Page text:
If you’d gone down to the woods last night, you’d have been sure of a big surprise. Assuming they were woods in Vietnam and you’d had the misfortune of running into my naked friend P.
You would have seen me also, because I was sitting in those woods too. I was in the middle of an almost circle of 14 friends. If you’d been half hidden behind a tree you would have seen us, surrounded by discarded empty bottles and heavenly-cherished full ones.
You’d have seen me happy too. In front of me was just about everything I generally ever need. A glass of something alcoholic, a cigarette and a i-pod with a fairly decent speaker attached.
From your hiding place, you wouldn’t have heard me. I sat listening mostly. I don’t wish to be the centre of attention, don’t like to tell long stories. I prefer to sit, and listen and lose myself a little.
Also, the music was really loud.
It was because of me. I was the amateur DJ. It isn’t easy to pick songs to please 13 people, but as someone with a sometimes crippling need to please, I did my best.
I kept it eclectic. Some Desmond Dekker , Beirut, Ernie K-Doe, Metronomy. Some classics – Lou Reed, The Kinks, Curtis Mayfield and some crowd pleasers, Elbow, Dizzee Rascal. Oh, and always, always Azealia Banks.
Every so often someone would break from their conversation to shout out to me, “Oh, I love this one!” or “This is really good, who is it?” And I would smile and realise how simply and easily I can be made to feel happy.
As I got happily, quietly drunk our friend P sank himself to new depths. Notorious for his alcohol induced idiocy, last night he went too far.
It was fine when we swam in the river during the day, and he perched his ample frame upon a rock in mermaid pose. Less Copenhagen, more coping badly. But by evening he had drank too much, and was refusing to stop. He became maudlin, and then aggressive, all the time demanding of attention.
And then he accidentally fell through one of the tents. Twice.
Having insulted several, he blundered off into the woods. As genuine and kind-hearted as he is while sober, you would have recoiled at the sight of him.
Three of us set off in pursuit, and for 3 hours we wandered around, blindly calling his name. We didn’t find him, and it wasn’t until five in the morning that he returned, naked, and accompanied by two German shepherds.
By which I mean the breed of dog, not a couple of professional sheep handlers from Munich.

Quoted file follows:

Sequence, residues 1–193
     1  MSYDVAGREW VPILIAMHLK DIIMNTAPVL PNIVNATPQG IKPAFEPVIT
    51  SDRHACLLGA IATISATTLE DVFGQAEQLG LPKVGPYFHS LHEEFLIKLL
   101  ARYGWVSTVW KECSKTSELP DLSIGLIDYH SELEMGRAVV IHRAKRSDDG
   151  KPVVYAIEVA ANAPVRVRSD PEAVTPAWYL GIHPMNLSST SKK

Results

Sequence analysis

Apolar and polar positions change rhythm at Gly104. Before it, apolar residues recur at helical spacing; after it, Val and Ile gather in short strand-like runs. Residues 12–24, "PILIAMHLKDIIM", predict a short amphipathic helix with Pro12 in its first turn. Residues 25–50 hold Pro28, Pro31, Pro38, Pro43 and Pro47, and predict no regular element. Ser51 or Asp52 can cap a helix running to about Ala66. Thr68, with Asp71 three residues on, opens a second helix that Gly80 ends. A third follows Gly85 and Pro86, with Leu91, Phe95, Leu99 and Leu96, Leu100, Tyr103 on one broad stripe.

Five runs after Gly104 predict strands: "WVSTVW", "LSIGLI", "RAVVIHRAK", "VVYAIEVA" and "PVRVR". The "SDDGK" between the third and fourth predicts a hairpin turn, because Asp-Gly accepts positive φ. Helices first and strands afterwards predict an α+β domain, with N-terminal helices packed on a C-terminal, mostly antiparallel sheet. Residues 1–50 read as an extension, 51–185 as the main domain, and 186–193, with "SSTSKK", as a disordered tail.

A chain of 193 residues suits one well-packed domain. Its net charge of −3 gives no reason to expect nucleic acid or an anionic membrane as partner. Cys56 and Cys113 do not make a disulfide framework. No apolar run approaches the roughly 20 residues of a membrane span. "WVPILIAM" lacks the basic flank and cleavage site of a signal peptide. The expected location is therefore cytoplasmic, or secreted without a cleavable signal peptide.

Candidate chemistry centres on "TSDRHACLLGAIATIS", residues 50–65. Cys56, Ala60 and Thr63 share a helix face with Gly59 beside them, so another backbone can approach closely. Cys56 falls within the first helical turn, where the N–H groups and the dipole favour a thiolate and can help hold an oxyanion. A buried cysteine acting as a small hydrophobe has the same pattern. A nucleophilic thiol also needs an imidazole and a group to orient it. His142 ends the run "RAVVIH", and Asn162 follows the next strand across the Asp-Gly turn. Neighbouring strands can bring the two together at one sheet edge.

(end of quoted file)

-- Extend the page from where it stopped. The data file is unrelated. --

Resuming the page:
P collapsed into sleep and the dogs ran off. At some point, while we cleaned up, he must have woken and left.
His nocturnal misadventures remain largely unknown, although a couple of our friends did find the women’s shower had been used as a toilet.
He’s done similar things before, but always remembers nothing. Too often in retelling him we’ve treated his antics as a joke, as amusing anecdotes.
He knows he is bad, but he doesn’t know how much. As a group of friends we’ve decided to tell P exactly what he did and that it was not funny. That he has a problem that needs to be fixed. That he cannot drink. It’s the harder thing to do, but we wouldn’t be friends if we didn’t do it.
And I came home to a message from G. She’s flown again and landed in my hometown in the UK, my hometown being not so far from hers. And I feel sad that she isn’t here. And I’m finding life harder without her presence. But life, like rivers and German shepherds, has to run on.
“In spite of everything, I still believe that people are really good at heart”
~ Anne Frank ~
We met outside a bar in a shiny neon night. There were motorbikes and street hawkers and noise and dirt and we talked alone together in a group. My friend L was there, and she sent me a text. The text said something that only a kind and caring friend could send. The text said this:
Body language signs good. Don’t fuck this up, dick.
She – G – has been the best person I could meet. You don’t see yourself with someone else when you’ve been hurt, and broken, and damaged. I didn’t.
And whisper this, but I didn’t think someone would want me. That’s the sort of thing that you really shouldn’t say. And I didn’t, but I thought it. I pushed it down but it was there.
And then I met her, and she was damaged too. Damaged, just like me. The same exact experience, though all of the names had been changed. And is there anything more blissful and reassuring than to meet another human being who understands you?
Meeting another human being who understands you, and likes you. And you like and understand them too.
Isn’t that everything that anybody has ever wanted, ever?